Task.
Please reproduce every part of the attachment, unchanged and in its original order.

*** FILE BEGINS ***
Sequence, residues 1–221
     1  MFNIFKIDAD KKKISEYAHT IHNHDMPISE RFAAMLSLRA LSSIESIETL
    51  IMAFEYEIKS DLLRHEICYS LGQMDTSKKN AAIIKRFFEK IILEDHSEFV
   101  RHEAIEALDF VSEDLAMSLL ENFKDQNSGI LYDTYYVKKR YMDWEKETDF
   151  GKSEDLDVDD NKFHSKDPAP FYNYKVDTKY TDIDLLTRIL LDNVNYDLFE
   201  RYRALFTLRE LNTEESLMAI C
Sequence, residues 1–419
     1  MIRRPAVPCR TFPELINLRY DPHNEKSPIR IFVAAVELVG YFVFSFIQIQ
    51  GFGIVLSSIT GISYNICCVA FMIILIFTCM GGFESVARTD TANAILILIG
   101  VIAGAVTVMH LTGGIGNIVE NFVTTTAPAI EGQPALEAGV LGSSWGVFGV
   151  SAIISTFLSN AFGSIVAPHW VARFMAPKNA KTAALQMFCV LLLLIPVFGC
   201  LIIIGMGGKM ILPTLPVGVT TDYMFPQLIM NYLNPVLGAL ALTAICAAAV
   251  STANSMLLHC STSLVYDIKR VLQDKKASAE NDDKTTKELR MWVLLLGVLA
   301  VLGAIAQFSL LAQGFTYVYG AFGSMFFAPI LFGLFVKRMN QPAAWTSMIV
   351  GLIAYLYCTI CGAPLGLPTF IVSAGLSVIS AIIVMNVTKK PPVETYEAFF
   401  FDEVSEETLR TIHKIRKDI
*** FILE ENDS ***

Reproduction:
Sequence, residues 1–221
     1  MFNIFKIDAD KKKISEYAHT IHNHDMPISE RFAAMLSLRA LSSIESIETL
    51  IMAFEYEIKS DLLRHEICYS LGQMDTSKKN AAIIKRFFEK IILEDHSEFV
   101  RHEAIEALDF VSEDLAMSLL ENFKDQNSGI LYDTYYVKKR YMDWEKETDF
   151  GKSEDLDVDD NKFHSKDPAP FYNYKVDTKY TDIDLLTRIL LDNVNYDLFE
   201  RYRALFTLRE LNTEESLMAI C
Sequence, residues 1–419
     1  MIRRPAVPCR TFPELINLRY DPHNEKSPIR IFVAAVELVG YFVFSFIQIQ
    51  GFGIVLSSIT GISYNICCVA FMIILIFTCM GGFESVARTD TANAILILIG
   101  VIAGAVTVMH LTGGIGNIVE NFVTTTAPAI EGQPALEAGV LGSSWGVFGV
   151  SAIISTFLSN AFGSIVAPHW VARFMAPKNA KTAALQMFCV LLLLIPVFGC
   201  LIIIGMGGKM ILPTLPVGVT TDYMFPQLIM NYLNPVLGAL ALTAICAAAV
   251  STANSMLLHC STSLVYDIKR VLQDKKASAE NDDKTTKELR MWVLLLGVLA
   301  VLGAIAQFSL LAQGFTYVYG AFGSMFFAPI LFGLFVKRMN QPAAWTSMIV
   351  GLIAYLYCTI CGAPLGLPTF IVSAGLSVIS AIIVMNVTKK PPVETYEAFF
   401  FDEVSEETLR TIHKIRKDI